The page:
Title: The Story of the Kolliners
Author: Peter Kolliner
Publisher: Self Published
Place of publication: Melbourne
Year of Publication: 1987
Location of Book:
Cities/town/camps: Hungary: Budapest
Note: those cities/towns/camps underlined are those which are most central to the narrative
On the occasion of his son's barmitzvah, Peter Kolliner compiled a book of his family's history for his children. 84 pages long, the book also contains numerous photographs and family tree diagrams. Kolliner begins his family history in the 1800s.
Kolliner's family lived in Budapest during World War II (pages 57-61). Both his father and uncle were taken to Hungarian forced labour camps. Peter was only a small child at the time. As the anti-Semitic measures increased, Kolliner's family converted to Catholicism. Even thought the laws were then changed such that anyone with a Jewish grandparent was considered Jewish, regardless of conversion, Kolliner's family managed to buy documents granting them a Catholic identity.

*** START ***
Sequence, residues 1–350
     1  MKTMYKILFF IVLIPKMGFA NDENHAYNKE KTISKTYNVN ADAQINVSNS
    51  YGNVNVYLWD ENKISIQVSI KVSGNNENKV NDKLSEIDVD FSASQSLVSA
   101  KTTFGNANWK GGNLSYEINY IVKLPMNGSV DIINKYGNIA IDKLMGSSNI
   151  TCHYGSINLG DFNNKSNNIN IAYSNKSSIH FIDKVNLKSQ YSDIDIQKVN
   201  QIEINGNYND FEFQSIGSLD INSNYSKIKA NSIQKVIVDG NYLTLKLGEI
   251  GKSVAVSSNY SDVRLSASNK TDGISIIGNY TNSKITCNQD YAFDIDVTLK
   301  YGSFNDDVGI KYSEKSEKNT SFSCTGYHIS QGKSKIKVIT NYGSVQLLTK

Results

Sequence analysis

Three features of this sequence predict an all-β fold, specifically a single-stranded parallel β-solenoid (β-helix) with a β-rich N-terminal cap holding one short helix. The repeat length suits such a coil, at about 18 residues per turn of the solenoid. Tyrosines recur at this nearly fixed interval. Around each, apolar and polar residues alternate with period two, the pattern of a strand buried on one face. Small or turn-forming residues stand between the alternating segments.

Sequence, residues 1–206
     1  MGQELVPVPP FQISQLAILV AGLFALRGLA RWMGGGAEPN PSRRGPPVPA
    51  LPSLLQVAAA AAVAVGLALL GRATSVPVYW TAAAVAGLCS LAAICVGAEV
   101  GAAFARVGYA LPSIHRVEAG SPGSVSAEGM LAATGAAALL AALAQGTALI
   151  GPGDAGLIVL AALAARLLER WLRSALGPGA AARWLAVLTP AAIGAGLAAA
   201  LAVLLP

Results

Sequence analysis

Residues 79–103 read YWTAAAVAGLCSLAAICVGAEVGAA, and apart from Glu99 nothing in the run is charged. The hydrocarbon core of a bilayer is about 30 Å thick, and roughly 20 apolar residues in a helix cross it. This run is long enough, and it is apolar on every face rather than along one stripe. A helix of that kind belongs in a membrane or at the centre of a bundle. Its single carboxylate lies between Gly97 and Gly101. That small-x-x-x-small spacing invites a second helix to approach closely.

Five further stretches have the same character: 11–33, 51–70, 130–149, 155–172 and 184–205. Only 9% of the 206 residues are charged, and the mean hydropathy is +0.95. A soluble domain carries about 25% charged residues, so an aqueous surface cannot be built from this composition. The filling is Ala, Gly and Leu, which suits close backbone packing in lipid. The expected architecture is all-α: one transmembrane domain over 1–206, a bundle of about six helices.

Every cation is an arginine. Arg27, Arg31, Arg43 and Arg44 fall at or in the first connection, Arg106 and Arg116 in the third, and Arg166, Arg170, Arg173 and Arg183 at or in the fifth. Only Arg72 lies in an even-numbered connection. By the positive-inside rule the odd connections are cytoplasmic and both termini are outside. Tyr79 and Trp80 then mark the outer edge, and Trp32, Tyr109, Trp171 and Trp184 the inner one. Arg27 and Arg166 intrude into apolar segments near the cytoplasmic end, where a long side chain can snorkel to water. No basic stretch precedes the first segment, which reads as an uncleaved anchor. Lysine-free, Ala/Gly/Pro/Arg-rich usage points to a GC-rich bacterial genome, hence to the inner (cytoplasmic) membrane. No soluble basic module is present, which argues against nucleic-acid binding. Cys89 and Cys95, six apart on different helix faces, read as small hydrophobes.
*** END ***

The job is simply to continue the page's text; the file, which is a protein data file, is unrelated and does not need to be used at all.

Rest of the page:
For a time Peter was hidden in a small village, only to be spotted and reported by a Budapest resident. He was jailed for two days before his mother managed to secure his release through bribery. When Peter was eventually taken to the ghetto, his mother again secured his release, this time utilising false Red Cross papers. Peter then lived out the remainder of the war in Budapest. At one point a bullet grazed the back of his head, rendering him unconscious for two weeks.
After the war's end, life began returning to normal. Peter's family, however, decided not to return to their Jewish identities but to remain Catholics. Following the nationalization of his father's business, Peter and his family emigrated to Australia in 1950. Interestingly, Peter Kolliner's Jewish identity remained unknown to him for much of his life. His book was self-published in 1987.